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COVID-19 Update

Alliant Wealth Advisors is an "essential business" under Virginia state law and we remain fully operational during the COVID-19 crisis.

To keep our clients, staff and colleagues safe we are currently holding all meetings via video conferencing. And we are alternating a small number of staff in our office while the majority serve you from their home.

Speaking of our office. Our headquarters in Prince William will relocate to the Signal Hill Professional Center at 9161 Liberia Avenue, Suite 100, Manassas, VA 20110 effective Monday, April 20, 2020.

Whether we are virtual or in person, we are here for you. Please keep safe.

Best Regards,

John Frisch, CPA/PFS, CFP®, AIF®, PPC®

President

A Better
401(k) Solution

  401(k) and 403(b) Plans Made Simple  


Secure Retirement by Design

Alliant Qualified Plans provides a consultative process backed by an ultra-high level of service and state-of-the-art technology. Learn More

Better Plans

We offer better 401(k) and 403(b) plans to help retirement plan sponsors improve their employees’ ability to build toward retirement, reduce the potential personal liability of their plan fiduciaries, and simplify plan compliance and administration.

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Our Differentiators

Better Plan Investments

We access the low-fee funds offered by institutional money managers.

Better Participant Experience

Better funds along with our professional investment management, broad financial education and mobile account tools result in more engaged, better invested, better prepared employees.

Reduced Liability for Plan Sponsor Fiduciaries

We accept delegation – and liability – for investment selection and monitoring under ERISA 3(38).

 

TOP 9 COMMON MISTAKES OF PLAN SPONSORS

The most common mistakes made by well-meaning companies and business owners include a failure to:

  • 1. Establish and follow written investment policies and procedures

  • 2. Understand sponsor fiduciary duties and potential personal liability

  • 3. Apply innovative plan design strategies to achieve employer/employee goals

  • 4. Monitor and replace poor investment options

  • 5. Understand and evaluate plan fees

  • 6. Administer the plan correctly, monitor periodically

  • 7. Identify conflicts of interest

  • 8. Provide employees the retirement tools they need

  • 9. Take action

  • Let’s start the conversation.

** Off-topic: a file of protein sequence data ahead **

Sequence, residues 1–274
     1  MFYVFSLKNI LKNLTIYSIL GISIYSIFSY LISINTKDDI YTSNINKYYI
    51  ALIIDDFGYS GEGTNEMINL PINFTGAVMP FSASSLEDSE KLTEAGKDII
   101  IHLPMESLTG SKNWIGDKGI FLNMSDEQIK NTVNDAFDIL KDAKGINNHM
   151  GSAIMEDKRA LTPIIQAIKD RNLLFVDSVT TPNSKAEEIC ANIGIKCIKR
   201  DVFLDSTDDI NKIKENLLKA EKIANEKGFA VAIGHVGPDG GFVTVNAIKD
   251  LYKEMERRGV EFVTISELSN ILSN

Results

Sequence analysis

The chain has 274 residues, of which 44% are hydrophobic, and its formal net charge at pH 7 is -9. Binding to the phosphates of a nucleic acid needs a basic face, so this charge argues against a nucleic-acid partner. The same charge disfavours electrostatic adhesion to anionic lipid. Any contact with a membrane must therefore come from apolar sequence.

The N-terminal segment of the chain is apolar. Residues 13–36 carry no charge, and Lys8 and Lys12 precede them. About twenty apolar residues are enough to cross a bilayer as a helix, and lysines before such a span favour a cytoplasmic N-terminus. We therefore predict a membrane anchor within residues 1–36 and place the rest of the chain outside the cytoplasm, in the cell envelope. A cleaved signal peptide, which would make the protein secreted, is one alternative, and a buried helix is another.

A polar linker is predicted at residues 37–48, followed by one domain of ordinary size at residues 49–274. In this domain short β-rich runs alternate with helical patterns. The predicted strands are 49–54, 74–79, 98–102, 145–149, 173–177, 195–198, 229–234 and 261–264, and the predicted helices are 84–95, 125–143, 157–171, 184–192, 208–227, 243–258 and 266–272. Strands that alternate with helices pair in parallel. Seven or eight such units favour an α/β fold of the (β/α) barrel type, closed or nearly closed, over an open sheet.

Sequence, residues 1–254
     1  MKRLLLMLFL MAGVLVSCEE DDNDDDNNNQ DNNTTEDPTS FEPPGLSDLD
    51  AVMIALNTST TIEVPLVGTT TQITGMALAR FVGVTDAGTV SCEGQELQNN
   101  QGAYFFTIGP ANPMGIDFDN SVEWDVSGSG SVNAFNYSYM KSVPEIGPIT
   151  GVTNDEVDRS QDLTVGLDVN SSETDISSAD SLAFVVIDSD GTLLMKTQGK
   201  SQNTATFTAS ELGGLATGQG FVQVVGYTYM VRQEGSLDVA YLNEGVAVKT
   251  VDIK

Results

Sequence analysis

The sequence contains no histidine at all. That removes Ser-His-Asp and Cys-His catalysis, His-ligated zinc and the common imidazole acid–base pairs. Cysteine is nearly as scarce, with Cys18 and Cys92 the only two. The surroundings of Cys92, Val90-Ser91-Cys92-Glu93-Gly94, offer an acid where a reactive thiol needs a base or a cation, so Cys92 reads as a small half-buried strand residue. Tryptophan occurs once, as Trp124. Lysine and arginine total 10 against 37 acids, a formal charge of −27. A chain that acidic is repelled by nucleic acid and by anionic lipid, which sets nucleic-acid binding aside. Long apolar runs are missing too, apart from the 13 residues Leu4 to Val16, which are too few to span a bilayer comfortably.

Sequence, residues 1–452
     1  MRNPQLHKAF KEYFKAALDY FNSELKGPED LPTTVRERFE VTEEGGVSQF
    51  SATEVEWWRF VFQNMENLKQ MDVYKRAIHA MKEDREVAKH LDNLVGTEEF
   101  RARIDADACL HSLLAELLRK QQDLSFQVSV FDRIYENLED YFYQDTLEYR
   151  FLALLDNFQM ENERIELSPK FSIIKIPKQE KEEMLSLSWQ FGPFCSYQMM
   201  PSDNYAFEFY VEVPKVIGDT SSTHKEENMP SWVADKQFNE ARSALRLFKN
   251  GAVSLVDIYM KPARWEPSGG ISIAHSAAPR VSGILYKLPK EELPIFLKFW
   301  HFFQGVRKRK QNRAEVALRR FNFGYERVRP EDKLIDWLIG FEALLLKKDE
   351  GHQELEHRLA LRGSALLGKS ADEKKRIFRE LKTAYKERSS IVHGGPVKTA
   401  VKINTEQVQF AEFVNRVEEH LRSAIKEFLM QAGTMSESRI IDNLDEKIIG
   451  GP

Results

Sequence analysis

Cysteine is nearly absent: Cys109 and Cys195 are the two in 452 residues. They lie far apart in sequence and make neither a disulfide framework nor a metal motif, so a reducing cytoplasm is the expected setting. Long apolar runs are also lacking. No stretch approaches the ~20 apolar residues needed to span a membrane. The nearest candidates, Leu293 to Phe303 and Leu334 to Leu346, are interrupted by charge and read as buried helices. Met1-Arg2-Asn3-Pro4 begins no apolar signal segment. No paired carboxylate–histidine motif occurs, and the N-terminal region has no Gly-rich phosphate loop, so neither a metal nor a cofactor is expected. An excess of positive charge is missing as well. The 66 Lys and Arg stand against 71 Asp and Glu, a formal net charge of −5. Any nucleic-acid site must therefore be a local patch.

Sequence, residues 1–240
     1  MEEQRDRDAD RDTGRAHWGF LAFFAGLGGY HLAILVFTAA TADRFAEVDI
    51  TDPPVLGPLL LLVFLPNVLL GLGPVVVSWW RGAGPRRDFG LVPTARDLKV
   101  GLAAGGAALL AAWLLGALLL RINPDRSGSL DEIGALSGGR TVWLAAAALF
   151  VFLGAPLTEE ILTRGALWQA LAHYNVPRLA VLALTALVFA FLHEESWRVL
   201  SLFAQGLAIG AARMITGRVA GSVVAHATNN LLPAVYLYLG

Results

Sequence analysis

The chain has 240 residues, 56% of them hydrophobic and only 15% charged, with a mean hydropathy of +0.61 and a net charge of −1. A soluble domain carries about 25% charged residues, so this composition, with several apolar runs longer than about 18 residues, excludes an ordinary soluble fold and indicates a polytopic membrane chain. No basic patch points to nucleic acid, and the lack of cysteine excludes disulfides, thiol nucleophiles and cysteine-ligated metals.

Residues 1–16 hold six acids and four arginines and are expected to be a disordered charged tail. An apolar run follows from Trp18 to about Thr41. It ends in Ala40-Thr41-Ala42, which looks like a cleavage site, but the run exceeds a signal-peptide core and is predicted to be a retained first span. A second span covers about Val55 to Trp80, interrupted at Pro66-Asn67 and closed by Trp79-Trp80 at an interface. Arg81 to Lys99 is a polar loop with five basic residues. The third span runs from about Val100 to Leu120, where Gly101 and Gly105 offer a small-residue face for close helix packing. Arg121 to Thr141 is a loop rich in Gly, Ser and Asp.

Going the extra mile

avatar The retirement-plan business is a competitive one. We deliver an “above-and-beyond” level of service that we believe all businesses should demand.

Joe Walsh heads Alliant Qualified Plans. His passion is working with employers to design and manage innovative 401(k) and 403(b) plans that meet organizational goals and employee needs. Joe’s expertise as a professional retirement plan consultant is backed by 30 years’ experience with money center banks providing clients with 401(k), investment management, pension, custody, and trustee services. This combination makes him a uniquely qualified advocate and partner for Alliant’s clients.

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  • CONFLICT FREE | Your Fiduciary

    CONFLICT FREE | Your Fiduciary

    Objectivity is the hallmark of our services and advice – we’re conflict free today and we’ll continue to be so, just as we’ve always been. As a retirement plan sponsor, you need to have absolute confidence that your provider is impervious to the influences of third-party financial institutions.

  • PEOPLE | Commitment to You, Your Employees

    PEOPLE | Commitment to You, Your Employees

    The ability of many Americans to retire has been questioned by the news media and government leaders, as well as individuals. It is with those concerns in mind that Alliant has developed a slate of distinctive retirement plans, each with its own unique set of qualities.

  • OUR BEST | We Do Things Right

    OUR BEST | We Do Things Right

    Beginning with your goals, we help you strategically design both 401(k) and 403(b) plans to benefit your organization and your employees.

  • A LEGACY OF TRUST | Your Needs are Important to Us

    A LEGACY OF TRUST | Your Needs are Important to Us

    For more than a quarter of a century, Alliant Wealth Advisors has built a proud tradition of integrity, trust and financial excellence.

Latest News

Financial Service Firm 401(k) Sponsors Sued by Own Employees!